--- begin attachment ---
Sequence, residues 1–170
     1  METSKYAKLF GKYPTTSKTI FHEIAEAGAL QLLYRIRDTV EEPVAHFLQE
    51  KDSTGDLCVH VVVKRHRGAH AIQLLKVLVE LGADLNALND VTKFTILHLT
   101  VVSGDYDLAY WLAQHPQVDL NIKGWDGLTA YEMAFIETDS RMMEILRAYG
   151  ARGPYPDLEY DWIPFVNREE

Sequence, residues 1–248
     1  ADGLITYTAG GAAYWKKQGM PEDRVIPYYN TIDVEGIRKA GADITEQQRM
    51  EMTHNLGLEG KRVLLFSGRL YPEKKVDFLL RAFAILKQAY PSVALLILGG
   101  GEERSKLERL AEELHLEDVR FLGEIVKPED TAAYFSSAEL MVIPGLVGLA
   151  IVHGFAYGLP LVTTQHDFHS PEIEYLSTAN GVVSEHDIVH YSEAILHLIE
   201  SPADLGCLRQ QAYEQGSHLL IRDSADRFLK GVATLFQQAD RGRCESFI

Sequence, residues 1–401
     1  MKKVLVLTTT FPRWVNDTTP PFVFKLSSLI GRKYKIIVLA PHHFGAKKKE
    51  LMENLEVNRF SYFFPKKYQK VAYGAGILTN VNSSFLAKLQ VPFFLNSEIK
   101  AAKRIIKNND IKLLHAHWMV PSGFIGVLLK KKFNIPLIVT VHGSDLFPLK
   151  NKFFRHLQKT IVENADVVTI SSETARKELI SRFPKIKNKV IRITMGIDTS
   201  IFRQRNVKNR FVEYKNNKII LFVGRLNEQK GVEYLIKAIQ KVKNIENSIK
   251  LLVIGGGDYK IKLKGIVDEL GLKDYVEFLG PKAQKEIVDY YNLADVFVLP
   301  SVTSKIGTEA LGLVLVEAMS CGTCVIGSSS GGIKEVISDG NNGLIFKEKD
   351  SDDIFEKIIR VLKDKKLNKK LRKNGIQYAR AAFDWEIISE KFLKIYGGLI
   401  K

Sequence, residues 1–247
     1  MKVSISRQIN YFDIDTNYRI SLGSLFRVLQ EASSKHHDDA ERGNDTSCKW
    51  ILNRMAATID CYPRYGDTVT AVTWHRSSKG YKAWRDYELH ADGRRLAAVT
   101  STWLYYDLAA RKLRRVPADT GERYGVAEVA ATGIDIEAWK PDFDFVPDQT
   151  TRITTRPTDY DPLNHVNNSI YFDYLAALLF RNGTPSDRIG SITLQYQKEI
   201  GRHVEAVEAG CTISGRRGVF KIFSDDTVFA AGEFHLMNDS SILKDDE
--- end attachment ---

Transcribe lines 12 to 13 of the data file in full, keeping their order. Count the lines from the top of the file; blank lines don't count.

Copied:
Sequence, residues 1–401
     1  MKKVLVLTTT FPRWVNDTTP PFVFKLSSLI GRKYKIIVLA PHHFGAKKKE